Announced almost two years ago, Microsoft’s secure new Linux-based Internet of Things (IoT) platform is finally available.
“Our mission is to empower every organization on the planet to connect and create secured and trustworthy IoT devices,” Microsoft’s Halina McMaster writes. “General availability is an important milestone for our team and for our customers, demonstrating that we are ready to fulfill our promise at scale. For Azure Sphere, this marks a few specific points in our development. First, our software and hardware have completed rigorous quality and security reviews. Second, our security service is ready to support organizations of any size. And third, our operations and security processes are in place and ready for scale. General availability means that we are ready to put the full power of Microsoft behind securing every Azure Sphere device.”
Microsoft’s original Azure Sphere was about as shocking as any IoT announcement can be: For the first time, Microsoft—a long time maker of proprietary software and a long-time foe of Linux and other open sources solutions—would distribute its own version of Linux, instead of Windows, and do so on new hardware on which Windows will not run. As I noted at the time, Azure Sphere is part of a bigger movement within Microsoft to be relevant in the post-Windows world, to play a major role in the next wave of computing, which I think of as “ambient computing.”
“Azure Sphere isn’t a big story just because Microsoft intends to play a role in ambient computing,” I wrote at that time. “Of course it does. It’s a big deal because Microsoft, very explicitly, intends to play a major role at every level of the stack imaginable. It’s not just providing AI-based cloud services and an Internet of Things (IoT) software platform. It’s doing everything.”
Since that announcement, the Azure Sphere rollout has proceeded slowly and with huge gaps between pre-release milestones. But with its release today, Microsoft can now focus on what it can do for customers.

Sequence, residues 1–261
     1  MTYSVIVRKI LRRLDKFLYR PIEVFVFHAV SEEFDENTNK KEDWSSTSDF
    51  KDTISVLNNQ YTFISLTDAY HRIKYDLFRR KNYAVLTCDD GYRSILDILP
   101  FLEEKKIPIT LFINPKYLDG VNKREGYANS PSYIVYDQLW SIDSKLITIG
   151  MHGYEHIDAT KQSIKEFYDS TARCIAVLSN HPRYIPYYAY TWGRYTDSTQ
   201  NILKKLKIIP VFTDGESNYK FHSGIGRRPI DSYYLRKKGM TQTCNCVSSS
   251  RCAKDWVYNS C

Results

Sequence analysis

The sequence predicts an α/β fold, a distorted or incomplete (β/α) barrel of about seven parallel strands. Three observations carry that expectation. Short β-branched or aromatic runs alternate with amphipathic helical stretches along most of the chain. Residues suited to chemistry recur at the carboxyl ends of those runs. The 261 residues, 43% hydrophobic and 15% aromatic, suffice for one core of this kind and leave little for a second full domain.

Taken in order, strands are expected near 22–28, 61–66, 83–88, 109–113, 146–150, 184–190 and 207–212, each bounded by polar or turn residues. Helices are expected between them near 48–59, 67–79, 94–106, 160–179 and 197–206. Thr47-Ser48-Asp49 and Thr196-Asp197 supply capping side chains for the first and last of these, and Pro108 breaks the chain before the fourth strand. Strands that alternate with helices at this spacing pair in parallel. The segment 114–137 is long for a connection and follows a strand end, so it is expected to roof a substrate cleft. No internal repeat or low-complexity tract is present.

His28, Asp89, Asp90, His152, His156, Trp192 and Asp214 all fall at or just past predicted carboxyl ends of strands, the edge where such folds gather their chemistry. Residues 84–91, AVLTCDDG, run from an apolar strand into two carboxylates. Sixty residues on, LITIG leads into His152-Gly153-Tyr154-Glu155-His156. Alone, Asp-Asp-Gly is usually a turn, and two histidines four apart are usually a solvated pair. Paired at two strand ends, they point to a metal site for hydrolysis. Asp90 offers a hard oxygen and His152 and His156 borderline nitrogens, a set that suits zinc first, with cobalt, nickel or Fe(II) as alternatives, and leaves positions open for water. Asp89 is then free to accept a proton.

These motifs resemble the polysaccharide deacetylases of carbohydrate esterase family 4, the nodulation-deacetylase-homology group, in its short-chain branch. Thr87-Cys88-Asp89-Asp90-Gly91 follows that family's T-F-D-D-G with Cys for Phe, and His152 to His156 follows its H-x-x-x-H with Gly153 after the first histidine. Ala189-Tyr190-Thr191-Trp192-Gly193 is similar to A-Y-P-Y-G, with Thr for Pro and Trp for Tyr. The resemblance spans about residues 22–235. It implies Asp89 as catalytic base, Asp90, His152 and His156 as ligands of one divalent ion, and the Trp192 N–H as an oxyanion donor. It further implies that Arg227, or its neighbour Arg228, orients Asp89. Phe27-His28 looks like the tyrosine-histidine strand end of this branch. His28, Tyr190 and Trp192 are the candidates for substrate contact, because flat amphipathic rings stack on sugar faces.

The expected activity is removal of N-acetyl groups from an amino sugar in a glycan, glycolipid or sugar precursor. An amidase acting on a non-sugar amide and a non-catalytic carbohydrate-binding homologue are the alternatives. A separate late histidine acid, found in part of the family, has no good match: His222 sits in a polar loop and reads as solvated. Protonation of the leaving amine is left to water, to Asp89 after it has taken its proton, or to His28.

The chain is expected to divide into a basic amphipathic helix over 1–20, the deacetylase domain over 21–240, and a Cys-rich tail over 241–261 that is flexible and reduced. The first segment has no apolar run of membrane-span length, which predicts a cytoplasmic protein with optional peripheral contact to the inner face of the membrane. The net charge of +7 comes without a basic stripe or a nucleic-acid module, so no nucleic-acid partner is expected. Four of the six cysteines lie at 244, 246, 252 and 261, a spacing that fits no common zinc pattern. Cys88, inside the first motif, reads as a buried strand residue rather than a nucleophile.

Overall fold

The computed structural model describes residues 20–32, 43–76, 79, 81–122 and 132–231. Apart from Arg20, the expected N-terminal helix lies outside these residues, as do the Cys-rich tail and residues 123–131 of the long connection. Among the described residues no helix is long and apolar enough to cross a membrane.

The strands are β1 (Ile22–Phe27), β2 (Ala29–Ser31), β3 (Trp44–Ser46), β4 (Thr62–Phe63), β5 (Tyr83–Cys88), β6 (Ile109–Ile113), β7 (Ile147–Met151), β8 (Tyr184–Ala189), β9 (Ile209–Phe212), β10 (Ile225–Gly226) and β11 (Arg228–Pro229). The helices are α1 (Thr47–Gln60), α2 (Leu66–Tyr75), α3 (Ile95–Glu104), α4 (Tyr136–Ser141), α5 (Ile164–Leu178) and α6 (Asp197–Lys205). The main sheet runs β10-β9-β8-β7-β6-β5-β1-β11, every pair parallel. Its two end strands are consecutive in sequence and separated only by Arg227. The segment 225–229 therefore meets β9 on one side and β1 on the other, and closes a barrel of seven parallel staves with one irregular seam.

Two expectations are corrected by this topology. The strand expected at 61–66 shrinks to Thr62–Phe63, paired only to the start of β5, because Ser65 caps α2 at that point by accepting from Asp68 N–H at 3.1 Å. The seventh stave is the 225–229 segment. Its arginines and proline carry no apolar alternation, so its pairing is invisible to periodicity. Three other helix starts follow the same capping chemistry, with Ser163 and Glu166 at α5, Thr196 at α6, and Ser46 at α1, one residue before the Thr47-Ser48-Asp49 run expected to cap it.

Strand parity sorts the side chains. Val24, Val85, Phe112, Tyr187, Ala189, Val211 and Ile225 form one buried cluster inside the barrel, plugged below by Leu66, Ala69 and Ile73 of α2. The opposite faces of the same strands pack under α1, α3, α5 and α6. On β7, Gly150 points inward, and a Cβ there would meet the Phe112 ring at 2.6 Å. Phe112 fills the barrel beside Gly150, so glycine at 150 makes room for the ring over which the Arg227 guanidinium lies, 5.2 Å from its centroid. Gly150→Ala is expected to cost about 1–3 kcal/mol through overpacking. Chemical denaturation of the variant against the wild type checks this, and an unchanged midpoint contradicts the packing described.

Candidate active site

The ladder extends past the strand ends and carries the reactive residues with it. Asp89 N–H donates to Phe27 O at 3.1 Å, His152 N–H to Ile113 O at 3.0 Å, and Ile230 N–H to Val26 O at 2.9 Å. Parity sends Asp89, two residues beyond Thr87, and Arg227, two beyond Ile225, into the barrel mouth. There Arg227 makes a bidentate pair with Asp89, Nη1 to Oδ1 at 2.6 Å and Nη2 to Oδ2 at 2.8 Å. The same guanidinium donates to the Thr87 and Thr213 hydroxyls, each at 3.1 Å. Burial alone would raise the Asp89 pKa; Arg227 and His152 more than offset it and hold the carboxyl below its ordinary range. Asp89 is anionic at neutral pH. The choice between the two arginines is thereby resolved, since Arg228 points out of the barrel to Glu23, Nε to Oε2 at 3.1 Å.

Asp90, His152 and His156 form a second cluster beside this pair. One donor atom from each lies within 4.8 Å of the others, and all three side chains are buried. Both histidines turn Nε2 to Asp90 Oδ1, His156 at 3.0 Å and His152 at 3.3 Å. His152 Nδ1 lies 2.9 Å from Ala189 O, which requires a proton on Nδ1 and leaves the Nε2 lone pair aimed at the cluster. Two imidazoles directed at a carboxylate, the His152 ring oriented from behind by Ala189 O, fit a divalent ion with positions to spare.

“There are four components to Azure Sphere: three of them are powered by technology and one of them is powered by people,” Microsoft Distinguished Engineer Galen Hunt says. “Those components combine to form an end-to-end solution that allows any organization that’s building or connecting devices to have the very best of what we know about making internet-connected devices secure.”
Those four components are:
Hardware. Azure Sphere-certified chipsets are built Microsoft’s hardware partners and they have the hardware root of trust that Microsoft created. “These are chips that provide a foundation of security, starting in the silicon itself, and provide connectivity and compute power for these devices,” Hunt says.
Azure Sphere OS. This OS runs on the chipsets and creates a secure software environment.
Azure Sphere security service. Microsoft’s key contribution is a security service that connects with every Azure Sphere chipset and operating system, and it works with the two to keep the device secured throughout its lifetime.
People. Microsoft regards its people and their security expertise as the fourth component of Azure Sphere. “Our team provides ongoing security monitoring of Azure Sphere devices and, actually, of the full ecosystem,” Hunt explains. “As we identify new types of attacks and new emerging security vulnerabilities, we will upgrade our operating system and the cloud services to mitigate against those new kinds of attacks. Then we will deploy updates to every Azure Sphere-based device, globally. So, we’re providing ongoing support, and ongoing security improvements for those devices.”